Oracle Integration (OIC) has a rich set of security capabilities to enable our customers to connect applications and technologies in a secure manner. We continue to enhance Oracle Integration to provide additional security settings and functionality. In the November 2020 release, Oracle Integration offers new security-related functionality for the Database and FTP adapters.
The features discussed here include:
Two of these features involve use of the Oracle Integration Connectivity Agent. Using the connectivity agent, you can create hybrid integrations and exchange messages between applications in private or on-premises networks and Oracle Integration.
Autonomous Database (ATP) is becoming more widely adopted, along with its use within integration flows using OIC. When configuring your Autonomous Database, you can specify that it use a private endpoint within your VCN in your tenancy. This allows you to keep all traffic to and from your Autonomous Database off of the public internet. When using the ATP adapter in Oracle Integration to connect to an ATP instance using a private endpoint, you need to set up the connectivity agent. Inside the connection details for the ATP adapter, there are 2 options for security: JDBC Basic Authentication and JDBC over SSL. When selecting JDBC over SSL, you are prompted to enter the wallet and wallet password. Prior releases of Oracle Integration do not allow you to use the JDBC over SSL (wallet) option with the connectivity agent. In addition, Username-token policy is not supported by ATP Serverless, This means that there were no options for integrating OIC with ATP-S with the connectivity agent.
This enhancement now offers support for connecting to ATP-S configured with a Private Endpoint.
This figure shows the connections page for ATP. The wallet and password are specified along with the DB service username and password. A connectivity agent group is specified for connecting to ATP-S with a Private Endpoint. In addition, the connectivity agent was downloaded and deployed in the network that has access to the ATP-S instance.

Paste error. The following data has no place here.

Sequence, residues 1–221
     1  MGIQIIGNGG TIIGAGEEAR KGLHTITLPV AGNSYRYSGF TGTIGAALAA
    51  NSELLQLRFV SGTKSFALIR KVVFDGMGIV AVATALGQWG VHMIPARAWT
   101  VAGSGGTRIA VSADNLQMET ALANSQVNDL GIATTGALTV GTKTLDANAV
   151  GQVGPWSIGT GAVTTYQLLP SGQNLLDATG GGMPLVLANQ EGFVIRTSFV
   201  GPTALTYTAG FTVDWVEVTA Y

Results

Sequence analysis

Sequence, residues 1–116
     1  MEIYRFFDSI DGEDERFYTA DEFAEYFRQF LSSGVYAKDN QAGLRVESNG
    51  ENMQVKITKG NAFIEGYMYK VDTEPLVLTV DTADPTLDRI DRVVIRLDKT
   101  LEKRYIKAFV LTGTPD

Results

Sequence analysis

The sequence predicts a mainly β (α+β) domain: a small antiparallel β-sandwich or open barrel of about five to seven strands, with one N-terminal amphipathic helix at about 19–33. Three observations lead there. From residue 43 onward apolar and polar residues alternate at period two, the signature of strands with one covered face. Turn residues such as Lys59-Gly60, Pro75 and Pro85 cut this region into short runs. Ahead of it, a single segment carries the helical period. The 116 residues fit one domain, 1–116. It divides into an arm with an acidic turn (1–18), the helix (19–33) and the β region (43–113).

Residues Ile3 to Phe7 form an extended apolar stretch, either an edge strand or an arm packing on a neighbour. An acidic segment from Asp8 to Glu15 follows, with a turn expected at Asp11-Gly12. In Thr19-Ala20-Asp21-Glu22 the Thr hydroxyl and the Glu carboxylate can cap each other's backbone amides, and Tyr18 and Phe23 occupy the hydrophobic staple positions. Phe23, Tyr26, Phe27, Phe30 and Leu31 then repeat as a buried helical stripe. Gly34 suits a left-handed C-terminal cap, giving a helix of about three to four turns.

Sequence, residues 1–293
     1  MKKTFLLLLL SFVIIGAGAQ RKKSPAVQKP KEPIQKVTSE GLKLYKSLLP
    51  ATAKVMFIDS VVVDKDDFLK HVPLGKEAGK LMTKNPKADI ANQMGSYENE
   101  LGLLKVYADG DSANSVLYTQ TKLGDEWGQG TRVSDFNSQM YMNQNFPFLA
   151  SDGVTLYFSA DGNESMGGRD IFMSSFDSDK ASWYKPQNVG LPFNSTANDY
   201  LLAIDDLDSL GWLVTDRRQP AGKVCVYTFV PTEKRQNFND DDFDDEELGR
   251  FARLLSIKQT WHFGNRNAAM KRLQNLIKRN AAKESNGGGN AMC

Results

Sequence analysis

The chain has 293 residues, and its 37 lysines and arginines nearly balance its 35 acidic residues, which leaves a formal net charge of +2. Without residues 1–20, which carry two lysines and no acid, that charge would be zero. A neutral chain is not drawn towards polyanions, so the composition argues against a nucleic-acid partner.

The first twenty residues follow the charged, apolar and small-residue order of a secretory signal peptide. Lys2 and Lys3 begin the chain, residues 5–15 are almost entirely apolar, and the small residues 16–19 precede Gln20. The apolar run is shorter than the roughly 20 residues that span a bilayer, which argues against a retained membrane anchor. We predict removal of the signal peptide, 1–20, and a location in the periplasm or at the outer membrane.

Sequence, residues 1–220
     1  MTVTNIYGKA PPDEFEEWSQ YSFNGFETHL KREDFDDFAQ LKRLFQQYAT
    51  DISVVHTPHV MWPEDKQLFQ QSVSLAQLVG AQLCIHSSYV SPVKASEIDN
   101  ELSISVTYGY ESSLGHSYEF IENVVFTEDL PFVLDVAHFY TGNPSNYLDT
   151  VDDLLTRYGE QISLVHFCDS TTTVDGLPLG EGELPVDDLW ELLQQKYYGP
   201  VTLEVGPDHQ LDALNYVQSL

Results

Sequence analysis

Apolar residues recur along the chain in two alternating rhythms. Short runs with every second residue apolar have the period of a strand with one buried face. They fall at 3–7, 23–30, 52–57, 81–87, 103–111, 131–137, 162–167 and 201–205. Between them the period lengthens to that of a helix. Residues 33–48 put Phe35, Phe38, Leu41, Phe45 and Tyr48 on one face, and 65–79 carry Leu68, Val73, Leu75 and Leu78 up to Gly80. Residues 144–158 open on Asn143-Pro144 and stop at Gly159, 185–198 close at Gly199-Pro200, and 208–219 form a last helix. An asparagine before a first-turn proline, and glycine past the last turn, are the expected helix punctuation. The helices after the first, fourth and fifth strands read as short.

In prior releases, when connecting to a privately hosted database using one of:
using the connectivity agent, the only supported security option was JDBC Basic Authentication. In the November release, you can also specify JDBC over SSL. This allows you to connect to a privately hosted cloud database and leverage wallet-based authentication.
Note that this is similar to #1 above for ATP-Serverless. The difference is that use of JDBC Basic Authentication with ATP-Serverless is not supported in the database whereas Basic Authentication is supported for ATP-Dedicated and Database Cloud service.
Oracle Wallet can be used to securely store your database credentials. Wallet rotation provides the ability to create a new wallet and invalidate the existing wallet. You may want to rotate wallets for the following reasons:
When the wallet is rotated or expires (or, if using Basic Auth and the database password is changed), a corresponding change is required in the Oracle Integration connection for that database. Once the connection is modified in Oracle Integration, you then need to de-activate and re-activate the integrations that use that connection. This can sometimes mean 100's of integrations which need to be re-activated which is very impractical.
With our November, 2020 release it is no longer necessary to de-activate and re-activate the integrations. Instead, at runtime when the integration detects that the credentials have been updated, a session refresh will occur which will fetch the new credentials. You simply update the credentials in your OIC connection, and there is no longer a need to re-activate the integrations using that connection.
Note that it is advisable to update the OIC connection with the new credentials soon after updating the credentials in the database, and to make these changes during a period when you don't expect integrations to be run. This will minimize the possibility that integrations will be run after the credentials are made in the database but before they are applied to your connection in OIC.
When integrating with an FTP server that is hosted on-premise behind a firewall, you configure a connectivity agent in Oracle Integration in order to establish connectivity. In prior releases, there were certain security-related options which were not available when using the FTP adapter with the connectivity agent. In particular:
The screenshot here shows the settings for encrypting and decrypting the message payload using PGP. There are similar settings for signing and verification. These settings can now be used with the connectivity agent for connecting to privately hosted SFTP servers.
The features described here extend Oracle Integration security capabilities by providing additional options in the Database (ATP, ADW, Database Cloud Service) and FTP adapters. Oracle Integration continues to invest heavily in security features in the adapters, to provide our customers with the ability to connect applications and technologies in a most secure manner. We hope you will be able to take advantage of these new features for your database and ftp server connectivity.